Jewelry Photography Tips: Why and How to Shoot Jewelry on Models in Natural Light
Have you ever gone to an open house? Chances are good that the realtor showing the home prepared the house by creating warm and inviting smells (fresh baked cookies and warm apple cider, anyone?) as well as by asking the current owners to remove items that are cluttering up the place as well as anything too personal, like family photos. I’ve seen this on HGTV shows a lot; the realtors say that potential buyers can better envision themselves in the home if other family photos aren’t there. Makes sense.
The same theories can be applied to selling your jewelry, specifically photographing your jewelry on models. And though I knew it was ideal to offer at least one on-human photo of your jewelry when presenting it for sale, after watching Azur Mele’s new video about photographing jewelry in natural light on models, I realized there are even more good reasons than I realized, such as:
- To see scale: We’ve all seen the image of a pair of earrings or some other piece of jewelry next to a coin or some other “size standard” like a soda can or dollar bill. We can do better than that! Photographing jewelry on a model is a much better way to give potential buyers an idea of how large or delicate a piece is, whether it looks bold, understated, or in between.
- To create comfort and realism: Back to the idea of realtors staging homes for sale . . . Realtors want potential buyers to feel comfortable and at home in the house they’re considering buying. If your model looks comfortable (literally and figuratively) in your jewelry, as if it’s a wearable, fashionable piece with realistic uses, chances are the potential buyer will feel that your jewelry could be comfortable (literally and figuratively), wearable, and fashionable for them.
- To create personality and movement: No matter how lively your jewelry designs are, sometimes it’s hard to show their personality in flat photographs. Having a model to interact with your pieces can help show off the liveliness and movement that your pieces have.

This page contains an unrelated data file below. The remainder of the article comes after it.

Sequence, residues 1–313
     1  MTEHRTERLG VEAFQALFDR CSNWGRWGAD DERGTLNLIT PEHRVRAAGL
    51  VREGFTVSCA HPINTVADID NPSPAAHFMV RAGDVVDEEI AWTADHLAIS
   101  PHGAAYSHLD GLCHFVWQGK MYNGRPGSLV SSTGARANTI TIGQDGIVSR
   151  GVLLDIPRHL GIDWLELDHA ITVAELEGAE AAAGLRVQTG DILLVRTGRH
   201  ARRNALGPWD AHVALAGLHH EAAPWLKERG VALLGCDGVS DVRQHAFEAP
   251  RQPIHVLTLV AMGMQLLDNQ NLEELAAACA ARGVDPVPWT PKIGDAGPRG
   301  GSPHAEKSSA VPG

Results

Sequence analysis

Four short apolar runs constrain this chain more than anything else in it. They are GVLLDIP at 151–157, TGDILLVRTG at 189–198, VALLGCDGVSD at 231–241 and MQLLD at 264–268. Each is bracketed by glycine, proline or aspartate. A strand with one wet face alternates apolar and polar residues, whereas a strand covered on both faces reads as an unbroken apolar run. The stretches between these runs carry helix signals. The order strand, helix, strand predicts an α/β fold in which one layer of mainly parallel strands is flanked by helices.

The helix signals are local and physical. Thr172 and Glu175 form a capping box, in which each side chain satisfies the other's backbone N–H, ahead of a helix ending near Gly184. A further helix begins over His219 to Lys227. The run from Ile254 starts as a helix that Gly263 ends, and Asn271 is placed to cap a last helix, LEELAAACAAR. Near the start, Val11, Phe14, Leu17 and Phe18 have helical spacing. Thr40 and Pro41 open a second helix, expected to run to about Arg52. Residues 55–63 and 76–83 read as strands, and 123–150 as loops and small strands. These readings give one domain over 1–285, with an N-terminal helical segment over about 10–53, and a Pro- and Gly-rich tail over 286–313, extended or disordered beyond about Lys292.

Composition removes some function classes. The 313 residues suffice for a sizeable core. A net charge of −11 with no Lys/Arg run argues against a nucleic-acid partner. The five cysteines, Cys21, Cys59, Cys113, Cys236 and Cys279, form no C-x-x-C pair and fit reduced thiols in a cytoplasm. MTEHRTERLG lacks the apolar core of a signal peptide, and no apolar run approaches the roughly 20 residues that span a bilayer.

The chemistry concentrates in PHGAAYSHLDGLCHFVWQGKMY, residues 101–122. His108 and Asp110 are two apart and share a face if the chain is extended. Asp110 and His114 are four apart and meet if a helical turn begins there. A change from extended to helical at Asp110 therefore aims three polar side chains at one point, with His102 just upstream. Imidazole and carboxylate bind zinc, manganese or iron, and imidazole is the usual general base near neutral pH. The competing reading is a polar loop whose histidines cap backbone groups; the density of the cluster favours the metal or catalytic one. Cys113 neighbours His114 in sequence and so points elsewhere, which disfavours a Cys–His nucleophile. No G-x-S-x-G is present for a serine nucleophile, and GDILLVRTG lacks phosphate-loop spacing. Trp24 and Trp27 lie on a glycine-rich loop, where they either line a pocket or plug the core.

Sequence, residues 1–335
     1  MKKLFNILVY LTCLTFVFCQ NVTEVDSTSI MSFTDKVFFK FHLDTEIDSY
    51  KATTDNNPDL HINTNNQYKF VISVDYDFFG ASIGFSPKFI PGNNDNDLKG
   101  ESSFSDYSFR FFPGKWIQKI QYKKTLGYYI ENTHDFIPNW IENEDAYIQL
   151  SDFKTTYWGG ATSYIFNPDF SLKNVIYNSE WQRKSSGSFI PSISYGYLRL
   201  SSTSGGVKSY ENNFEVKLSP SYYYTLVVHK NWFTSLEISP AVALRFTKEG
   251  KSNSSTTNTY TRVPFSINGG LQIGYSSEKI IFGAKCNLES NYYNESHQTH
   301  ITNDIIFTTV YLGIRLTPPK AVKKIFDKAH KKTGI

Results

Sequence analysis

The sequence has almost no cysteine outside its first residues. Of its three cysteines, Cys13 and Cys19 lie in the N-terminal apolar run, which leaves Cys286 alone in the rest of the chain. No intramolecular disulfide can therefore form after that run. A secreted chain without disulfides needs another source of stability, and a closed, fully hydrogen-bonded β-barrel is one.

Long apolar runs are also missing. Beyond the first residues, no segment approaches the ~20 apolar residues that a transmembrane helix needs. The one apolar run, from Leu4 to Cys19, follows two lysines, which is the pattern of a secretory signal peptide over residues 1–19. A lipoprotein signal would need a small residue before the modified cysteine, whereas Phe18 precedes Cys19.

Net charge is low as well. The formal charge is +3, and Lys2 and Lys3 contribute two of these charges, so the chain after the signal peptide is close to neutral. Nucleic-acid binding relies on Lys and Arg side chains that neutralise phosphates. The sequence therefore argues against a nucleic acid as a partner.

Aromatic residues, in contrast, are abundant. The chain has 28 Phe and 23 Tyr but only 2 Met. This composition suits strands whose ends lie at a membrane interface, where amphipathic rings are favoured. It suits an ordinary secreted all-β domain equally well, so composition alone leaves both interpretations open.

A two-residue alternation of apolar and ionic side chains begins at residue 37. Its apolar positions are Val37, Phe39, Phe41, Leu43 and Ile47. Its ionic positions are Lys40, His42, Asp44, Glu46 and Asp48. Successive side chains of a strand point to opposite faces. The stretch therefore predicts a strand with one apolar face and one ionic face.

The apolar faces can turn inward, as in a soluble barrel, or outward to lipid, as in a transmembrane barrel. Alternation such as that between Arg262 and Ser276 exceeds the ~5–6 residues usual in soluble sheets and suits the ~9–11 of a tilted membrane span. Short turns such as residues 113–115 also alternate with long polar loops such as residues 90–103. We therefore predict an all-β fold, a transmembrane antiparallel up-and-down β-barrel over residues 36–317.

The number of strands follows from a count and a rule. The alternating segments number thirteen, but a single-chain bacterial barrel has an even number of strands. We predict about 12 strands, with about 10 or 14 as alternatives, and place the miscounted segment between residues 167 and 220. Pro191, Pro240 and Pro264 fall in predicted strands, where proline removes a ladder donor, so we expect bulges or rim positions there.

- To make a connection: If you’re trying to reach teens, photograph your jewelry on teens. If you’re trying to reach “women of a certain age,” photograph your jewelry on them. If you believe your jewelry is for everyone, use a variety of models–all ages, skin tones, and personal styles. I think the latter would go a long way toward showing versatility of a piece; for example, seeing it on a variety of models with different styles and appearance would tell me that I can wear this piece of jewelry dressed up or dressed down, with jeans or with dresses, at work or on the town, etc.
If you think about taking jewelry photos in natural light (which is free for everyone!) on models, you can probably spell out the process and considerations involved, even if you can’t quite achieve the photos you want. But there are so many little things that you might not have even thought of–like why you should wear a white shirt when you’re photographing jewelry, why it’s good to photograph a model wearing multiple pieces of jewelry even if you’re only selling one of those pieces, and the importance of triangles. Azur covers photographing shiny metals, gemstone jewelry, and jewelry made from other natural materials–and the lighting concerns you need to know for each type. You’ll learn jewelry photography tips for creating eye-catching contrasts between light, skin tone, and your jewelry, as well as how to save time and money by working with an experienced model.
Order How to Photograph Jewelry and Gemstones on Models in Natural Light or instantly download the video to learn how to take photographs worthy if your jewelry designs!